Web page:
When you are going to be dealing with 24 bit data (RGB), you have to set the data alignment.
?? What exactly is the problem? The code works, I've saved thousands of TGAs with it by now.

Try it on a window where the width multiplied by 3 is not a multiple of 4, and your code will fail. Always set the alignment to 1 before reading back RGB data, as V-Man showed.

And that's not the only problem with that code, btw. It will also fail, if another window overlaps a part of the render window. This region will then contain undefined data in the screenshot.
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Quote:
Original post by Yann L
Quote:
Original post by Vampyre_Dark
Quote:
Original post by V-man
When you are going to be dealing with 24 bit data (RGB), you have to set the data alignment.
?? What exactly is the problem? The code works, I've saved thousands of TGAs with it by now.

Try it on a window where the width multiplied by 3 is not a multiple of 4, and your code will fail. Always set the alignment to 1 before reading back RGB data, as V-Man showed.

And that's not the only problem with that code, btw. It will also fail, if another window overlaps a part of the render window. This region will then contain undefined data in the screenshot.


Correct, glReadPixels from the back buffer is not the best solution.
p-buffer or FBO is better.
For fullscreen apps, I think it's not a problem.

Vampyre_Dark, the problem is that you get boundary overflow and weird bugs and also, the screenshot will look screwed up.
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Thanks guys I got it working, didn't fix the packing problem though cuz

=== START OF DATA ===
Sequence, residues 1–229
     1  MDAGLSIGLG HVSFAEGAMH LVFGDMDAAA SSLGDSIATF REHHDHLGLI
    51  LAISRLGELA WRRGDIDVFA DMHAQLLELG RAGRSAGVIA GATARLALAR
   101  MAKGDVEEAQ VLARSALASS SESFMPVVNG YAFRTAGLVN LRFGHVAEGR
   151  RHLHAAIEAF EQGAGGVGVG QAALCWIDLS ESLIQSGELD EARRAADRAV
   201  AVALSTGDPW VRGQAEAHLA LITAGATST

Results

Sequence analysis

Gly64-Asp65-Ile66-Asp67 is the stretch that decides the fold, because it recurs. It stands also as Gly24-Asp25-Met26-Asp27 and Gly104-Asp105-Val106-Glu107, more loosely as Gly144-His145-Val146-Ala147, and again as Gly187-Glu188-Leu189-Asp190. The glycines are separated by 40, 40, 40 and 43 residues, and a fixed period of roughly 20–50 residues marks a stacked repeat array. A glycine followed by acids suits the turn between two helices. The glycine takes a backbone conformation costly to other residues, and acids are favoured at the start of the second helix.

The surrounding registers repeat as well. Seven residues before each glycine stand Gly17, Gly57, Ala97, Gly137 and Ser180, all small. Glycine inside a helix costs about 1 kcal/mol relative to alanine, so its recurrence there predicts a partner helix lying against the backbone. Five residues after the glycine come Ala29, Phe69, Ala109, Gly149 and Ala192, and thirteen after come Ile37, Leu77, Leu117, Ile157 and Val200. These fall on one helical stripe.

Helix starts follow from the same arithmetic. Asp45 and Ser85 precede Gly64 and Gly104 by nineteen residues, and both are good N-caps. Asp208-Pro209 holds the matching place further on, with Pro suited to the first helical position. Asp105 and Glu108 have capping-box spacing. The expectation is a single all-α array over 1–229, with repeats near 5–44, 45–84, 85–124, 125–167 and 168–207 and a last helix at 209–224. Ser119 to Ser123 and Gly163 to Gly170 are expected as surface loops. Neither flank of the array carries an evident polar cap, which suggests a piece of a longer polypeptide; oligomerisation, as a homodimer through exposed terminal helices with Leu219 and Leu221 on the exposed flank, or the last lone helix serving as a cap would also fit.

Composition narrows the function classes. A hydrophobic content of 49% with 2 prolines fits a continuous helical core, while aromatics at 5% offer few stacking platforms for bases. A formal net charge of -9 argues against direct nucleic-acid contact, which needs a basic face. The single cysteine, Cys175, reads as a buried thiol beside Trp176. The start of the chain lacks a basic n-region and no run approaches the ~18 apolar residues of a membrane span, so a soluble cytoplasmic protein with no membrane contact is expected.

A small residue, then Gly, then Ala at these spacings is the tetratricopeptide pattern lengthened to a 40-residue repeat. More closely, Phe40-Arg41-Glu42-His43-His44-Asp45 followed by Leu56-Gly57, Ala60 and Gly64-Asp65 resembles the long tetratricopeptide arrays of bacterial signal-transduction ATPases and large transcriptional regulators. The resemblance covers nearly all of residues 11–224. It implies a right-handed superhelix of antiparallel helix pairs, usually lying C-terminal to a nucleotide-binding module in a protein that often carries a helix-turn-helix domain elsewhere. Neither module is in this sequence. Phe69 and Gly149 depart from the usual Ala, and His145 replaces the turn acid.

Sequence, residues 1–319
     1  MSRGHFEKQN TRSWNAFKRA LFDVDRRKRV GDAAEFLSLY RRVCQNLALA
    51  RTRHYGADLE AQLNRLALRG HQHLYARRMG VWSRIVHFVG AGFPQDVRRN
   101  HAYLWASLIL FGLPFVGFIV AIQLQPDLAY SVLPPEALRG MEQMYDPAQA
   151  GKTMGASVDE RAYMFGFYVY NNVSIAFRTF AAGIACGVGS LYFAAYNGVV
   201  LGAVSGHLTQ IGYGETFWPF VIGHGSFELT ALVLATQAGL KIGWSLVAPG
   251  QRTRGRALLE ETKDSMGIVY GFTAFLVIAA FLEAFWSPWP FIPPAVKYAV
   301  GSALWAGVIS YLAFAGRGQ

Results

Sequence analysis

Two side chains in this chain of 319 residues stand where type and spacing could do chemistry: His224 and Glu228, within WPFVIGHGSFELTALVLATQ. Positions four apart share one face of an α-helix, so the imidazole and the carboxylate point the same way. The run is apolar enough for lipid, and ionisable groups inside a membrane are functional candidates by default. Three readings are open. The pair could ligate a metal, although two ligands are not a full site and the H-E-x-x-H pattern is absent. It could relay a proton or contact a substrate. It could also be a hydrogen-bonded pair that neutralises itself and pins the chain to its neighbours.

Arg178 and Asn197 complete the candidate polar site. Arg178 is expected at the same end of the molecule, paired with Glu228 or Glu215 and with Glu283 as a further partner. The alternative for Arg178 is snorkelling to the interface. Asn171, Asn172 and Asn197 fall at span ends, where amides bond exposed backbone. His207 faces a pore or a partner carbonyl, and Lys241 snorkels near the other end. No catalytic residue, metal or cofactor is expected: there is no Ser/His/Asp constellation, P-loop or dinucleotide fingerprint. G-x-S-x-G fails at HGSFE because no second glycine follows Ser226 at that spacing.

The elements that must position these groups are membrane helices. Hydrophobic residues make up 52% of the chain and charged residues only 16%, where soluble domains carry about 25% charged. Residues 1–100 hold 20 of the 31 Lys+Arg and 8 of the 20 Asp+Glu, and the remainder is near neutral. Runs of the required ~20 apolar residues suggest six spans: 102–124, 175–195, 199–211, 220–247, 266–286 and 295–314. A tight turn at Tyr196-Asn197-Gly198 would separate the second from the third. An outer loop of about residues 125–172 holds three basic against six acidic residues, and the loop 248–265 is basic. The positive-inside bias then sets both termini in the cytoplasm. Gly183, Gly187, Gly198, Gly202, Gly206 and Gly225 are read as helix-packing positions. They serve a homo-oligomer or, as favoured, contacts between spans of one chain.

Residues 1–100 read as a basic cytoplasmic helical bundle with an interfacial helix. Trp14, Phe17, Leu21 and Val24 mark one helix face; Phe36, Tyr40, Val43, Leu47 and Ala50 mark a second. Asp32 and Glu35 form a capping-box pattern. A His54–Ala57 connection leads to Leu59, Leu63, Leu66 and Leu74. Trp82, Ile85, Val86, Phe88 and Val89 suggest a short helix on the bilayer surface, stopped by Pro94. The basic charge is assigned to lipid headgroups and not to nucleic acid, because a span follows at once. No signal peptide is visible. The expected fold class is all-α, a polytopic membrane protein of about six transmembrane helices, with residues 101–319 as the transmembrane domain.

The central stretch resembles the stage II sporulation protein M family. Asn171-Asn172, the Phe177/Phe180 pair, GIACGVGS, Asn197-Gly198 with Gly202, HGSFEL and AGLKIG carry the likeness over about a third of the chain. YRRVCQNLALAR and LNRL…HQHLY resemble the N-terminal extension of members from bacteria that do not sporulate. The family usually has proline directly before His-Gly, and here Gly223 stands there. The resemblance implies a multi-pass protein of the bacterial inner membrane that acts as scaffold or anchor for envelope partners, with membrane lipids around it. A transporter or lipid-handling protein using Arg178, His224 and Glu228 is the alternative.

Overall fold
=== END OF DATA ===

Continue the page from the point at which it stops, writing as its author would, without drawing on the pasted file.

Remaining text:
Quote:

Correct, glReadPixels from the back buffer is not the best solution.
p-buffer or FBO is better.
For fullscreen apps, I think it's not a problem.

Vampyre_Dark, the problem is that you get boundary overflow and weird bugs and also, the screenshot will look screwed up.

It looks very screwed up. So what would be a better way to do screenshots? What is p-buffer and FBO?

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It's impossible to take a screenshot when another window is overlapped, as it doesn't have the input focus to even get the SaveTGA call. [grin] But what exactly is the problem with that? Is that something I'm doing wrong, or just if someone set it up to have it take screenshots automatically and there happened to be in the back of another window?

Okay, I think I have fixes for both of those. What is the problem with the window size and mulitples of 4?

//this will save a TGA in the screenshots
//folder under incrementally numbered files
void gl_video::SaveTGA(void)
{

glPixelStorei(GL_PACK_ALIGNMENT,1);

if (GetForegroundWindow() != m_WindowHandle) return;

char cFileName[64];
FILE *fScreenshot;
int nSize = m_WindowWidth * m_WindowHeight * 3;

GLubyte *pixels = new GLubyte [nSize];
if (pixels == NULL) return;

int nShot = 0;
while (nShot < 64)
{
sprintf(cFileName,"screenshot_%d.tga",nShot);
fScreenshot = fopen(cFileName,"rb");
if (fScreenshot == NULL) break;
else fclose(fScreenshot);

++nShot;
if (nShot > 63)
{
MessageBox(m_WindowHandle,"Screenshot limit of 64 reached. Remove some shots if you want to take more.",
m_AppTitle,MB_OK);
return;
}
}

fScreenshot = fopen(cFileName,"wb");